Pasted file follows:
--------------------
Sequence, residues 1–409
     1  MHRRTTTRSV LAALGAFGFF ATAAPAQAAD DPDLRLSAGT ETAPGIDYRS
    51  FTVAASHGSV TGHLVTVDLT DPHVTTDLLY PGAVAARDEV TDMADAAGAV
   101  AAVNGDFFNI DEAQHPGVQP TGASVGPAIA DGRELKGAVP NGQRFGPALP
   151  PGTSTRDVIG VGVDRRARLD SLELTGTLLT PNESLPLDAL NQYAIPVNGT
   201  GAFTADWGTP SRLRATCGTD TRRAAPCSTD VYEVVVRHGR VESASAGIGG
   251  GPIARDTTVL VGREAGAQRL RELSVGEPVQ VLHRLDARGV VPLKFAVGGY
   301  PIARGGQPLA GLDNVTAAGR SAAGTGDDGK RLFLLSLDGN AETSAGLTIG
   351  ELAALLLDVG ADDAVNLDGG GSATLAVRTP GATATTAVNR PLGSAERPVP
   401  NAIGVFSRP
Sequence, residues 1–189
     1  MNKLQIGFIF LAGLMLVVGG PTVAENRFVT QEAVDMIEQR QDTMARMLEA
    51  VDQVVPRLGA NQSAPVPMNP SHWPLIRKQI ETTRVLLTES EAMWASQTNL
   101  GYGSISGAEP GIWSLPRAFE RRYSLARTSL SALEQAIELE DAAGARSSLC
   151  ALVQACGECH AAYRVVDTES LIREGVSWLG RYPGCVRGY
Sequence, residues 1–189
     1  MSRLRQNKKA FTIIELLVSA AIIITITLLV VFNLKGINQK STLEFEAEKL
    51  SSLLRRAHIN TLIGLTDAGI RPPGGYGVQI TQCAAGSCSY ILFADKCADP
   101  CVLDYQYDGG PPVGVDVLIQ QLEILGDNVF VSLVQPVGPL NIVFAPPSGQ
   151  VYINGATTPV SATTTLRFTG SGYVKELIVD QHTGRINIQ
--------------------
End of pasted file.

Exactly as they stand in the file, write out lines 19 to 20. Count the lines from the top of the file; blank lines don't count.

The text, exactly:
   101  CVLDYQYDGG PPVGVDVLIQ QLEILGDNVF VSLVQPVGPL NIVFAPPSGQ
   151  VYINGATTPV SATTTLRFTG SGYVKELIVD QHTGRINIQ